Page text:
The WYNNsky 1/4”NPT Air Coupler and Plug Kit is a #1 bestseller, ideal for general purpose applications with the durable anodized color coating having a high scratch resistance.

The Tanya Hardware Type D coupler and 14-piece plug kit offer both male and female couplers. The high-quality durable brass fittings are interchangeable/compatible with most manufacturers.

The Jaco Type D 12-piece quick connect fitting set provides high-protection leak-proof male and female couplers.

FAQs (Frequently Asked Questions)

Why is my quick connect leaking?

Your quick connect can be leaking for the following reasons:
1. It’s possible that the O-ring is damaged and needs replacing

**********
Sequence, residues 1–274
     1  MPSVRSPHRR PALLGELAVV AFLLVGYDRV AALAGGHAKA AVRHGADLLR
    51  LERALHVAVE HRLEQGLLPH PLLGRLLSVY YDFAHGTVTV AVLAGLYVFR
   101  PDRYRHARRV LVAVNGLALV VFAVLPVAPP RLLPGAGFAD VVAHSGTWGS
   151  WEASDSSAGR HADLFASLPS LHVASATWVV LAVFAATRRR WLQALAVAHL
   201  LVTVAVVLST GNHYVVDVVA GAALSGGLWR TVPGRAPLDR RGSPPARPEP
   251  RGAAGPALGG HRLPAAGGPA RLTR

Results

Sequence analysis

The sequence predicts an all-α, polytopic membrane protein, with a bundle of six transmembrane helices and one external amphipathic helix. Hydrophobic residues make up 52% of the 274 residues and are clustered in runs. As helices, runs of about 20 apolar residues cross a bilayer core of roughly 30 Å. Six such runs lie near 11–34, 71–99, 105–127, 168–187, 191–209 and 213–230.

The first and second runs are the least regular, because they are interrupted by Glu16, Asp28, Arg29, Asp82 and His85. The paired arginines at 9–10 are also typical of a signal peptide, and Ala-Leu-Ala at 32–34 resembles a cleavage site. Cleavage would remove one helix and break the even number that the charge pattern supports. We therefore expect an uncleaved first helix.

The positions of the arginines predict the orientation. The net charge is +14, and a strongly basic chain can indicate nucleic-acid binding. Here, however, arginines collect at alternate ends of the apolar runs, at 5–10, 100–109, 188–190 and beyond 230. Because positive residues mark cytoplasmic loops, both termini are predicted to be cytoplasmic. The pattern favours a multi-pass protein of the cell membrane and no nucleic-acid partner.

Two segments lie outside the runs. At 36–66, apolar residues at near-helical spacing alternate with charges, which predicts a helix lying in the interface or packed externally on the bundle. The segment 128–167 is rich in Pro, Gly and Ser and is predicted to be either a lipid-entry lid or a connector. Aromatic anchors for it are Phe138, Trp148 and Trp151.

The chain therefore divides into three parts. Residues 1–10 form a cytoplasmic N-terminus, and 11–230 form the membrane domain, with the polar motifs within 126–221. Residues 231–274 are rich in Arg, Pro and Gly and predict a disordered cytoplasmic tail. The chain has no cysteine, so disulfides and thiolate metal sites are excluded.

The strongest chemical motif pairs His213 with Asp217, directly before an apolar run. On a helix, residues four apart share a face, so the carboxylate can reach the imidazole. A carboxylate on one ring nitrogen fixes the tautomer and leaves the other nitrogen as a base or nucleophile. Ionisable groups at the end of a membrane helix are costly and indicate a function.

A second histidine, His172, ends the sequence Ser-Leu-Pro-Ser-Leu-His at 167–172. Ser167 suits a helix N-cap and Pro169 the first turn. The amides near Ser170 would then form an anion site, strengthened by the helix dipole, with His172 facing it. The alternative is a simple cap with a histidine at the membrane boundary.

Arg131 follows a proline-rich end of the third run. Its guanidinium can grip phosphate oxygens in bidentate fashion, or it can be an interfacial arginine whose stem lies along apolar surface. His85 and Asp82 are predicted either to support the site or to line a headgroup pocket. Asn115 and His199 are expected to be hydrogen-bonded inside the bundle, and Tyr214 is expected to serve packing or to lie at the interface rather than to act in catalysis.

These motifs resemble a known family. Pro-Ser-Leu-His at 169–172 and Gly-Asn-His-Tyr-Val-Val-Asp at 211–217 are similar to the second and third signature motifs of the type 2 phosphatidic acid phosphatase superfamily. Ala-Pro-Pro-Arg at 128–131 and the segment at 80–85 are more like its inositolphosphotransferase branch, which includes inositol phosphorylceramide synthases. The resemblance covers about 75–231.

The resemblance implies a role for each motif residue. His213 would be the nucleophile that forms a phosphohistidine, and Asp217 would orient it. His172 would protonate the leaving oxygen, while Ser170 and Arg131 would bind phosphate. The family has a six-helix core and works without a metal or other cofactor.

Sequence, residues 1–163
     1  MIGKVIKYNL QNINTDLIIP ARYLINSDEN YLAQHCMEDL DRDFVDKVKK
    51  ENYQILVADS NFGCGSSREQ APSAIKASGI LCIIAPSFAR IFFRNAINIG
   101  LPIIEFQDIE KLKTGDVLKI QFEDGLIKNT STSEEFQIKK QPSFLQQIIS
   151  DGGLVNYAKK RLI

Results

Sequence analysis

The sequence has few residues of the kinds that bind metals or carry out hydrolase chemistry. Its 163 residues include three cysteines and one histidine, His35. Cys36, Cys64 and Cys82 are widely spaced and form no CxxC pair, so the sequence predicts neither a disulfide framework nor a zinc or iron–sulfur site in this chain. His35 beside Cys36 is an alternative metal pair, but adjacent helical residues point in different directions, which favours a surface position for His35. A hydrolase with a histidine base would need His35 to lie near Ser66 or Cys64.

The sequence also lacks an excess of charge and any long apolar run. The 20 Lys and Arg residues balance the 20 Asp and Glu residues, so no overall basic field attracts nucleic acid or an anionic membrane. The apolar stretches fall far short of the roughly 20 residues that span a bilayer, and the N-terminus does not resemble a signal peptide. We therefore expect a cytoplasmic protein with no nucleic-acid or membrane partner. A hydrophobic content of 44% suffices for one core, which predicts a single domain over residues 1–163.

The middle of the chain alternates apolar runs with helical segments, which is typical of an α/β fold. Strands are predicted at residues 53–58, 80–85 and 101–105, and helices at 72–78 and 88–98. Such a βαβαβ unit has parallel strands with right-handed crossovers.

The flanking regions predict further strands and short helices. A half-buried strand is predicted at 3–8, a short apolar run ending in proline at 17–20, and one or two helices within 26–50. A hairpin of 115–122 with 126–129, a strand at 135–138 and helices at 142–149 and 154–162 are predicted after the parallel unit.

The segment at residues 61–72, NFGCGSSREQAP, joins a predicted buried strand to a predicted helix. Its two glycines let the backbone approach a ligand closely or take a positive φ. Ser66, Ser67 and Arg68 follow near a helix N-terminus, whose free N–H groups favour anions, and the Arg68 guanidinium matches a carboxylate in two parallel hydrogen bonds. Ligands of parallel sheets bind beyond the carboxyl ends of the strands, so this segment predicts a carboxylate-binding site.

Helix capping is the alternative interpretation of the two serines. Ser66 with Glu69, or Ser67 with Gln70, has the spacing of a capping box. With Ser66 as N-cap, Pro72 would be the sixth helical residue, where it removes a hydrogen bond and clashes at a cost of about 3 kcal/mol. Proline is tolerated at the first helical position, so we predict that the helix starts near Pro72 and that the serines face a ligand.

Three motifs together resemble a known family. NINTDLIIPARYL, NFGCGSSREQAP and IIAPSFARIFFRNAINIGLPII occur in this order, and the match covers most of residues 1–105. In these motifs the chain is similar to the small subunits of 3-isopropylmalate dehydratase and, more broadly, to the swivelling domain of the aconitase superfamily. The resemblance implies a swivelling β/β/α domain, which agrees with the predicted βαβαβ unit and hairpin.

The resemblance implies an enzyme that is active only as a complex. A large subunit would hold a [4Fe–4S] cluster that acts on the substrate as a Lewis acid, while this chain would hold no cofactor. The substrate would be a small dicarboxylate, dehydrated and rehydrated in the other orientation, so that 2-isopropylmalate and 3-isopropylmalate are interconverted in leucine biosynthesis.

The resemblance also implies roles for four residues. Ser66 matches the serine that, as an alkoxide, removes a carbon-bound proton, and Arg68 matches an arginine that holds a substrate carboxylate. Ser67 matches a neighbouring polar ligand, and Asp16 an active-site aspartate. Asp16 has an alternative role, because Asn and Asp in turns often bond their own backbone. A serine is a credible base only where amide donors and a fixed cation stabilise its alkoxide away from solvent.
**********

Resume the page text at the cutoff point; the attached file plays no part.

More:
2. It’s likely that you have two incompatible types connected to one another
3. You may not have installed the coupling correctly
4. It may be the wrong size coupling for your compressed air system

Why do my air compressor fittings leak?

Leaks can occur in air compressor fittings due to the parts being damaged, oversized or undersized, and even incorrect installation. It’s therefore important to ensure you have the correctly sized fittings, ones that are compatible with one another and not damaged.

What is the best sealant for air fittings?

The best sealant is PTFE tape or PTFE dope. Some recommended products include the following; Mill-Rose 70885 Blue Monster Thread Sealant Tape, Rectorseal 23631 1/4 T Plus 2 Pipe Thread Sealant, and Dixon Valve TTB75 PTFE Industrial Sealant Tape.